Packers vs. Vikings instant takeaways: New week, same story

The Green Bay Packers have now lost their fourth game in a row. Even more discouraging then the outcome over the last month is that each loss looks fairly similar to the one before it, which tells us that any sort of improvement may not be happening any time soon.

From up in the press box, here are my instant takeaways from the Packers’ 24-10 loss to the Minnesota Vikings:

— New week, same issues for the Packers offense in the first half. Missed blocks, penalties, dropped passes, wrong routes, an inability to win contested catches, and some off-target throws by Jordan Love. As a result, the Packers frequently found themselves in long down-and-distance situations, which have spelled doom for them this season. The passing game is nowhere near consistent enough to shoulder the burden in those situations.

— Without question, Love has areas to improve upon just like everyone else. But with that said, and as referenced in the last point, it has been pure chaos around him. There is nothing for the offense to hang its hat on when things get tough and there is no one thing or player struggling—it’s everyone and everything.

— Despite their first half woes, the Packers had four trips to the red zone but scored a touchdown only once and left with points on just one occasion. In the fourth quarter, the run game didn’t put them ahead of the sticks, Dontayvion Wicks had a crucial second down drop, and moving the ball through the air – especially when the defense is expecting it – in such a condensed part of the field is no easy task.

— The Vikings entered the game ranked first in blitz rate this season, and while they did send pressure, oftentimes to cause confusion, they instead showed pressure but dropped into coverage. I recall a few weeks ago, Love mentioned that unscouted looks were causing issues for the young offense, and the Vikings did a really good job of disguising what they were doing to cause some chaos.

— Where the offense has seemed to find some sort of success here and there is when they are in hurry up mode. At this point, why not make this aspect a bigger part of the offense if gives them a chance to yield some sort of positive results?

— The Packers defense was abysmal on third downs today. Too many easy completions allowed. The premise of the Joe Barry defense is to keep everything in front of them, however, pass catchers are being given way too much space to operate within as they often run their routes freely close to or even at the first down marker.

— As I wrote earlier in the week, pressuring Kirk Cousins was going to be a must in this game. Even in doing so, there is no guarantee that it will disrupt him enough given how well he has handled pressure. But if Cousins has time, he will often pick defenses apart. As has been the case for much of the season, the pass rush wasn’t consistent enough to disrupt Cousins and get him off his spot. Cousins put together a very efficient performance and handled well the pressure that did occur.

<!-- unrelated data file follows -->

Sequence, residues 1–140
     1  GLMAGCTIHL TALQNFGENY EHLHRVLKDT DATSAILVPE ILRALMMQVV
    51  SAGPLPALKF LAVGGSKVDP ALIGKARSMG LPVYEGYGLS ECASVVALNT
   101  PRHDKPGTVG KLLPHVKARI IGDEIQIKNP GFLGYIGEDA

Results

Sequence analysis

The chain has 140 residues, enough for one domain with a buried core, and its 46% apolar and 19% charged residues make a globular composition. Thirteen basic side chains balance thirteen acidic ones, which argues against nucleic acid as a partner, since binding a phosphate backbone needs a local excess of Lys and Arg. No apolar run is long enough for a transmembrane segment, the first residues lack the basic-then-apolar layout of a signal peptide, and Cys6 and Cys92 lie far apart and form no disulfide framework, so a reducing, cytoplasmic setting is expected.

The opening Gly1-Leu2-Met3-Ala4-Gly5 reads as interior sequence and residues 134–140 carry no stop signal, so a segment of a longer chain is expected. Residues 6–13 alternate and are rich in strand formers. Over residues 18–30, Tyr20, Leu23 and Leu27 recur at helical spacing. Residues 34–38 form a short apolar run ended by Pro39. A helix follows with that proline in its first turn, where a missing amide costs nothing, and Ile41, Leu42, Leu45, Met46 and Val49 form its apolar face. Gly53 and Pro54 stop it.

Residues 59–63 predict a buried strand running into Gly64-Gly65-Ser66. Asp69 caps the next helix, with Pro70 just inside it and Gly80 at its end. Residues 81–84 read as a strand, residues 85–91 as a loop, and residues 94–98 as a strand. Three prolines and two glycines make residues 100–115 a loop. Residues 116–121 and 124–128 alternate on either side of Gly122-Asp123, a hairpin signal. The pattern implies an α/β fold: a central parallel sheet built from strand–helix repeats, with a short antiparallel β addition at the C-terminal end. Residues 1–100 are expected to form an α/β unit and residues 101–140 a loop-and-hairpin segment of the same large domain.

— The Packers have been willing to blitz this season, but they just do not get home when doing so. With time in the pocket still, opposing quarterbacks now have one less defender in coverage to worry about.

— Vikings rookie receiver Jordan Addison had an impressive day. The Packers, including Jaire Alexander, were struggling to contain him. KJ Osborn also had nearly 100 receiving yards. There weren’t any deep throws given up by the defense, but a lot of intermediate completions with YAC opportunities.

— For what it’s worth, this was the run defense’s best performance of the season. Not that the Vikings have a dominant run game, averaging just 3.9 yards per rush coming into the game, but the Packers did a really good job bottling up the middle of the field and limiting Minnesota’s ability to move the ball in that regard. TJ Slaton had several really nice plays against the run.

— In the first half the Packers made a change on the offensive line, putting in Yosh Nijman at left tackle for Rasheed Walker. In the first quarter alone, Walker had already surrendered a sack and been called for a penalty—although he was back on the field for Green Bay’s final drive with Nijman dealing with a foot injury. The Packers running backs averaged fewer than 4.0 yards per rush, and because they were trailing and often behind the sticks, they were never truly able to lean on it. While not perfect, I did think the offensive line held its own against the blitz.

— Things for the offense aren’t going to improve until they are able to find some sort of success pushing the ball downfield. One a third-and-eight in the first half, the Packers were four-wide on an obvious passing down, and Minnesota was in cover-1 and their cornerbacks were pressing the Green Bay receivers. Opponents do not fear the Packers downfield passing game, which makes moving the ball over the middle and on short area throws all the more challenging.

— The Packers missed Darnell Savage on the back end. There were a few plays where Jonathan Owens appeared to be out of position.

— Matt LaFleur spoke earlier in the week about the need for the defense to generate more takeaways. The Packers entered the game ranked 28th in takeaways with only five. Turnovers lead to additional possession(s) for the offense and often improved field position. Quay Walker had a prime opportunity on the opening drive to come away with an interception but failed to do so. It’s not often that the Green Bay defenders seems to be in a position to even make a play on the ball. Credit to the defense for coming away with a fumble late in the game, but the offense was unable to capitalize.

Story originally appeared on Packers Wire